LADUE v. GILLEO

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Case Basics
Docket No. 
92-1856
Petitioner 
Ladue
Respondent 
Gilleo
Opinion 
Advocates
(Argued the cause for the petitioners)
(On behalf of the United States as amicus curiae, supporting the respondent)
(Argued the cause for the respondent)
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Term:
Facts of the Case 

Margaret Gilleo placed a 24-by-36-inch sign calling for peace in the Persian Gulf on her front lawn. The original sign disappeared and a subsequent sign was knocked down. She reported these incidents to the police who advised her that such signs were prohibited in Ladue. She sued the city and the District Court ordered a preliminary injunction. Ladue repealed the law and replaced it with a new one which also banned window signs. Gilleo then placed another anti-war sign in her second-story window and amended her complaint to challenge the new ordinance.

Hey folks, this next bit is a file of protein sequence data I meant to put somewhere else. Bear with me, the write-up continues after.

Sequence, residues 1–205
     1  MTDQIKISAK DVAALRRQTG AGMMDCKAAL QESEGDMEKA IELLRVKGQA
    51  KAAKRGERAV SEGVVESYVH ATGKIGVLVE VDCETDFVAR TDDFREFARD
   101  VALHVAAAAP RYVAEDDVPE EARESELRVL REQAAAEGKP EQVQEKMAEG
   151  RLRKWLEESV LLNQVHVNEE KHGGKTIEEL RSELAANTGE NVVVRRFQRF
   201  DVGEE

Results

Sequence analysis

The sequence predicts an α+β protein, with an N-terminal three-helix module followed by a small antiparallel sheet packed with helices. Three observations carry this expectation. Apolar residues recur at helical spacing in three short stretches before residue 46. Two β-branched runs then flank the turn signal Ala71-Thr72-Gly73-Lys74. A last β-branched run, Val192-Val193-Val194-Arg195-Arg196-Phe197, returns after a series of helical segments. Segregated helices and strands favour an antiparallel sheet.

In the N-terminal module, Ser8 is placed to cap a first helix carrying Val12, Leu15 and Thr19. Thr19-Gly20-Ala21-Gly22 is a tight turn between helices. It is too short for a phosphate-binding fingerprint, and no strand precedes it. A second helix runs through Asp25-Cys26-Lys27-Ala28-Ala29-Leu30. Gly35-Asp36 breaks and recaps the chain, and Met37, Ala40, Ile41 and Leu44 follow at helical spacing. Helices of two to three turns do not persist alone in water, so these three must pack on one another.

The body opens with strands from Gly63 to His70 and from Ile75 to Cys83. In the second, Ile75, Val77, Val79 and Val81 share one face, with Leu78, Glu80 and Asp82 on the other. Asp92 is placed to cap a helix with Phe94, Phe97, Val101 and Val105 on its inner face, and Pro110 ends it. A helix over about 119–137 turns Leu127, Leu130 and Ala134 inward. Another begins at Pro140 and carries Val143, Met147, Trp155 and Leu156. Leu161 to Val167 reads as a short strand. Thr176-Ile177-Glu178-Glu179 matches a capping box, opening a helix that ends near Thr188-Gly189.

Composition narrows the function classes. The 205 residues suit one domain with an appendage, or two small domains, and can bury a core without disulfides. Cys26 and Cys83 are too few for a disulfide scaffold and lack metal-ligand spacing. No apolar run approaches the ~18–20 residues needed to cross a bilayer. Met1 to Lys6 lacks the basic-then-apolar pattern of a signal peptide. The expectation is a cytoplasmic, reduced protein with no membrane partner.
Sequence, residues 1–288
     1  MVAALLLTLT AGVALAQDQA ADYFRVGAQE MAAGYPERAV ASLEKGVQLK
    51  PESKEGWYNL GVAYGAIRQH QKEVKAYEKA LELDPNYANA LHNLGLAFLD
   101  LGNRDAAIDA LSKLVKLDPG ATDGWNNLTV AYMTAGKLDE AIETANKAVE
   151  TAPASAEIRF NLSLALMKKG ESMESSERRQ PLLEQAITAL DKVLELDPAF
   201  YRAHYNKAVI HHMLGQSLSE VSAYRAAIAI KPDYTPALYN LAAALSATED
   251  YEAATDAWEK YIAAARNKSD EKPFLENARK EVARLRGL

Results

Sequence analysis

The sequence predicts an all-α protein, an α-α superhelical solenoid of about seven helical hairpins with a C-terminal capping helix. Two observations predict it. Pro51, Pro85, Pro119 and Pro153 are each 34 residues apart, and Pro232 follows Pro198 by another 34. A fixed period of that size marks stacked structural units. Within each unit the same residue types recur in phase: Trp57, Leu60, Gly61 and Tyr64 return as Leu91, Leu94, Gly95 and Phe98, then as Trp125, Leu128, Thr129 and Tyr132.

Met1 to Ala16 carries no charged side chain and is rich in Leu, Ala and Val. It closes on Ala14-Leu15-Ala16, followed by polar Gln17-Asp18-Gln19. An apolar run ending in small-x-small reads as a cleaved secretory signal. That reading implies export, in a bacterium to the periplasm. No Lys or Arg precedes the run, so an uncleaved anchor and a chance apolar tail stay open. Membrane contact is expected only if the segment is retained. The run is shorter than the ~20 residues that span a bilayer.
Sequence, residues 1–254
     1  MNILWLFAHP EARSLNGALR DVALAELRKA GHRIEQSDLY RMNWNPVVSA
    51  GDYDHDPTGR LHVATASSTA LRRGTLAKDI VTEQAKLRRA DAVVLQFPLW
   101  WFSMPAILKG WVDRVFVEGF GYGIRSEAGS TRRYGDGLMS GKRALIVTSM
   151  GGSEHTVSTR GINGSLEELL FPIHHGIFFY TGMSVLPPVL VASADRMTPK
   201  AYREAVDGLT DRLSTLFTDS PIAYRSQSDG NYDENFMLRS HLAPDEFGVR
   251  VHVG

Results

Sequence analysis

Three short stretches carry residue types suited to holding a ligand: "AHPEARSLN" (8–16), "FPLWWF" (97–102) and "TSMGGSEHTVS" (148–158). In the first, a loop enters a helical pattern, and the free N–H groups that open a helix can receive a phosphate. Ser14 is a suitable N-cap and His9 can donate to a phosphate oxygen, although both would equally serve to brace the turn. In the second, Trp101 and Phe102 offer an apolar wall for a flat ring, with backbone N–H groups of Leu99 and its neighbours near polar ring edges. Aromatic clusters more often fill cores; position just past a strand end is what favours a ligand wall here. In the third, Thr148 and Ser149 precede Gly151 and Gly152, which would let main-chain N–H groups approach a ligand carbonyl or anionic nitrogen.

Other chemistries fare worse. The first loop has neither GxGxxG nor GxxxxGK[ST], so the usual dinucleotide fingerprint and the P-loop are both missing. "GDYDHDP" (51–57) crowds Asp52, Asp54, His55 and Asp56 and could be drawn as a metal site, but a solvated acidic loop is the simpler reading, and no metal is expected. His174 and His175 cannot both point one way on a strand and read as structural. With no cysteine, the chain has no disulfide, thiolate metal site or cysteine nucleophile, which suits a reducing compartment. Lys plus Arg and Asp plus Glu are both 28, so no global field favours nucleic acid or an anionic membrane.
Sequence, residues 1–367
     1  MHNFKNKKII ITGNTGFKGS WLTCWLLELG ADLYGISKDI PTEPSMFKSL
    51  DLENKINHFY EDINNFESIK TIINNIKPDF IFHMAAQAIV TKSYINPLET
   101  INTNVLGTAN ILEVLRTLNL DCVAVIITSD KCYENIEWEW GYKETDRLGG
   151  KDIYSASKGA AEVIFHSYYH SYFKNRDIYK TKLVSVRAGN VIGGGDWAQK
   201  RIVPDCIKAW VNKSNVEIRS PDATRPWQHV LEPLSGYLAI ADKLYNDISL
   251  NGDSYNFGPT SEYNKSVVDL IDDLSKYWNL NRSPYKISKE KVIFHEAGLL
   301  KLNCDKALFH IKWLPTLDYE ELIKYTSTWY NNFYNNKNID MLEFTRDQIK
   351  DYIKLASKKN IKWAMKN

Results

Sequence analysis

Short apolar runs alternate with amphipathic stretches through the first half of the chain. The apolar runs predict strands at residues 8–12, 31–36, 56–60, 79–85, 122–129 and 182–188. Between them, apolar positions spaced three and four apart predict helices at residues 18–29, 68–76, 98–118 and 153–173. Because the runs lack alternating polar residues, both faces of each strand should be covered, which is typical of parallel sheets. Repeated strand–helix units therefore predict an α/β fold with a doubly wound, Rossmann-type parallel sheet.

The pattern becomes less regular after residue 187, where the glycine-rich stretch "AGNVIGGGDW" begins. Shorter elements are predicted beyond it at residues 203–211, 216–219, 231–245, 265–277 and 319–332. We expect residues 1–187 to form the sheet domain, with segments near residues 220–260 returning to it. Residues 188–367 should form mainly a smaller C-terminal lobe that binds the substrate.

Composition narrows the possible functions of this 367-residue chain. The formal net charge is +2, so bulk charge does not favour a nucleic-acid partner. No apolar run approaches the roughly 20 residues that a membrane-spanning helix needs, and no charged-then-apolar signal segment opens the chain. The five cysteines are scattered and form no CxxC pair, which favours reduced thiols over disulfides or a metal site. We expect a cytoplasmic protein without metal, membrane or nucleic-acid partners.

Question 

Does the Ladue ordinance violate Gilleo's right to free speech as protected by the First Amendment?

Conclusion 
Decision: 9 votes for Gilleo, 0 vote(s) against
Legal provision: Amendment 1: Speech, Press, and Assembly

Yes. Although acknowledging Ladue's police power to minimize visual clutter associated with signs, the Court ruled that the law "almost completely foreclosed a venerable means of communication that is both unique and important." The Court held a "special respect" for an individual's right to convey messages from her home.

Cite this Page
LADUE v. GILLEO. The Oyez Project at IIT Chicago-Kent College of Law. 19 June 2014. <http://www.oyez.org/cases/1990-1999/1993/1993_92_1856>.
LADUE v. GILLEO, The Oyez Project at IIT Chicago-Kent College of Law, http://www.oyez.org/cases/1990-1999/1993/1993_92_1856 (last visited June 19, 2014).
"LADUE v. GILLEO," The Oyez Project at IIT Chicago-Kent College of Law, accessed June 19, 2014, http://www.oyez.org/cases/1990-1999/1993/1993_92_1856.